In The Creative Economy, Mindsets Matter More Than Technology
by Steve Denning

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“The world,” writes Alan Murray in Fortune, “is in the midst of a new industrial revolution.” The “frictionless corporation” of the 21st Century is “driven by technology that is connecting everyone and everything, everywhere and all the time.”


What then are the management practices of “the frictionless corporation” that enable “labor, information, and money move easily, cheaply, and almost instantly”?


Over the last year, a group of companies interested in finding out joined together to form a Learning Consortium for the Creative Economy, sponsored by Scrum Alliance, a membership association of more than 400,000 members with the mission of transforming the world of work.


Following nine site visits conducted during the summer and a retrospective review by the members, the group’s findings and recommendations are now available here and will be presented on November 6 at the Drucker Forum 2015. The session will be live-streamed (free registration here)


The most important finding of the Learning Consortium is that “changes in mindset are more important than changes in hardware or software.”


“Where the management practices and methodologies were implemented without the requisite mindset,” the Learning Consortium reports, “no benefits were observed.” When technology is deployed with traditional mindsets, the organization is not agile enough to exploit it. To succeed, management must draw on the full talents and capabilities of those doing the work.


The key message of the Learning Consortium, writes Andrew Hill of the Financial Times, is to “set staff free without plunging them into chaos.”


Enlightened managers, “in some traditional-looking companies are already shaking up their approach without drama… Basic changes include the switch from rigid five-year plans to adaptable rolling strategies; or the use of a military-style mission-command approach, where chiefs set a goal and allow frontline troops to work out how to reach it rather than dictating every step.”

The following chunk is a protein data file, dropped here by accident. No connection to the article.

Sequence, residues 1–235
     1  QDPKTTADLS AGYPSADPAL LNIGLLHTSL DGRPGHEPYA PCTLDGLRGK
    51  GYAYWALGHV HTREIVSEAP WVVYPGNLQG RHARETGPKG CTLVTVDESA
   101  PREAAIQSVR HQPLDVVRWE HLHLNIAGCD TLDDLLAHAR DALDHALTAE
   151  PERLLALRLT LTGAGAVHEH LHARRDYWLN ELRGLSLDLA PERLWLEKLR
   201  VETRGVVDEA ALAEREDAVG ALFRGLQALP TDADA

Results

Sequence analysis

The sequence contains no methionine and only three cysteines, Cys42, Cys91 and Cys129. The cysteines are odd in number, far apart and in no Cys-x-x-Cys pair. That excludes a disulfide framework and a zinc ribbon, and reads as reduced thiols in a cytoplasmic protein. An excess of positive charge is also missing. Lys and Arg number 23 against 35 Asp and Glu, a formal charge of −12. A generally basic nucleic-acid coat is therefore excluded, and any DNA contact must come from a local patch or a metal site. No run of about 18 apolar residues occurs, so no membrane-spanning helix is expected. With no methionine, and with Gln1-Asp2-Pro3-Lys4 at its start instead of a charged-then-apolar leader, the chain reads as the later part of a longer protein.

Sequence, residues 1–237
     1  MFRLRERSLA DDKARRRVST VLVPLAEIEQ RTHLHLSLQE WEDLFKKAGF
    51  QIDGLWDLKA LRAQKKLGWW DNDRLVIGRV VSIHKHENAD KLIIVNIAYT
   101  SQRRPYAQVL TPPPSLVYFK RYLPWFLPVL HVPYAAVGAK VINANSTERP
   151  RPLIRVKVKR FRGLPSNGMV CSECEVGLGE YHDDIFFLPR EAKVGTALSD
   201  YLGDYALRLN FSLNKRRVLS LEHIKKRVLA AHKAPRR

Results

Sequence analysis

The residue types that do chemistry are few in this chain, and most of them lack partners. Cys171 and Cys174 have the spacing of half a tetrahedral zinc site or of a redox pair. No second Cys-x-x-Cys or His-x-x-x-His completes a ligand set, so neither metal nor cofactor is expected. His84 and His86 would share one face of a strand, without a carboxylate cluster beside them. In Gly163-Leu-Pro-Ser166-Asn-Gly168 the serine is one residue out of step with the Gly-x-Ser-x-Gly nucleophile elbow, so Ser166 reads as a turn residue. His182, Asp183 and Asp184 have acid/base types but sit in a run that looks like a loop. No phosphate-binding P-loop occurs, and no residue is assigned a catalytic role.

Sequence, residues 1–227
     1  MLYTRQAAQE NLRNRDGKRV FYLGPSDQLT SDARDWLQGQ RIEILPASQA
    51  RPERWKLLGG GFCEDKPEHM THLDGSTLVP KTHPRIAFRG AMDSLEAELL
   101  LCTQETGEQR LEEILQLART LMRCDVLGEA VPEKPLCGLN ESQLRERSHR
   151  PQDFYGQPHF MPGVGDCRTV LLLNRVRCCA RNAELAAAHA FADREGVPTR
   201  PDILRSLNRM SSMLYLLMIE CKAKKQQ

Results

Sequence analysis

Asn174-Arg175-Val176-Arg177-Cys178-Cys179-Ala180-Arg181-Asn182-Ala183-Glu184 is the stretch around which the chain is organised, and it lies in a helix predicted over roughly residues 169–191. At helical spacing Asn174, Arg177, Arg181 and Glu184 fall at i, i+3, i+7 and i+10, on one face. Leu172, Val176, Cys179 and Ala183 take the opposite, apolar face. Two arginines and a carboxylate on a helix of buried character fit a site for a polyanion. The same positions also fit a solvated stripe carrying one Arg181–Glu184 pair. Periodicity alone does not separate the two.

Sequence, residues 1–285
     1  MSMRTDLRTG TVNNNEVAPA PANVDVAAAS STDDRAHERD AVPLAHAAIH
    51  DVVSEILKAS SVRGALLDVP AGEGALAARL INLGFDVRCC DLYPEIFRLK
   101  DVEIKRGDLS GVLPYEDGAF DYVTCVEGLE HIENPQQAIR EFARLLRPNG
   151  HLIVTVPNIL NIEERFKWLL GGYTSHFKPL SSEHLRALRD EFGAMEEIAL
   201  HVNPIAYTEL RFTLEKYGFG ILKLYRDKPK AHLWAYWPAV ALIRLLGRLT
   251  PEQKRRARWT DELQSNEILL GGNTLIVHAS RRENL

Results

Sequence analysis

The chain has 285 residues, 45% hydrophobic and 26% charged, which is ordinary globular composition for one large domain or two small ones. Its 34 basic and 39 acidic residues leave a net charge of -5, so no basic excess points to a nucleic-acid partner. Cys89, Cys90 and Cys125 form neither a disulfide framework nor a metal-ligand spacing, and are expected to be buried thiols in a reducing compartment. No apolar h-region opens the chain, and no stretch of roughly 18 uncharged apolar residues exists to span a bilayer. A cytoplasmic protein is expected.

The Learning Consortium, writes Hill, has “come up with several useful snapshots, after visiting each other’s operations to observe these new practices. They found, for instance, that self-managed teams were not just tiny curiosities. They could scale up to handle complex cross-border work. Ericsson — hardly a fresh-faced start-up at nearly 140 years old — has given autonomy to 2,300 engineers in 110 teams, co-ordinated from Athlone, Ireland, to produce enterprise software for huge telecoms operators.”


Microsoft, latterly a byword for how bureaucracy can bury innovation, has made similar strides. At its development division in Seattle, 4,300 staff make applications for software developers, working in a way that would put Google to shame. Open workspaces are in and individual offices are out; so are top-down programmes that shackled everyone to a sluggish two-year release timetable.”


A detailed account of the Learning Consortium’s site visit to Microsoft is available in two articles here and here.


The site visits changed the members’ image of Microsoft, which was less like the giant battleship they had expected and more like “a flotilla of speedboats operating and maneuvering in an orchestrated fashion.”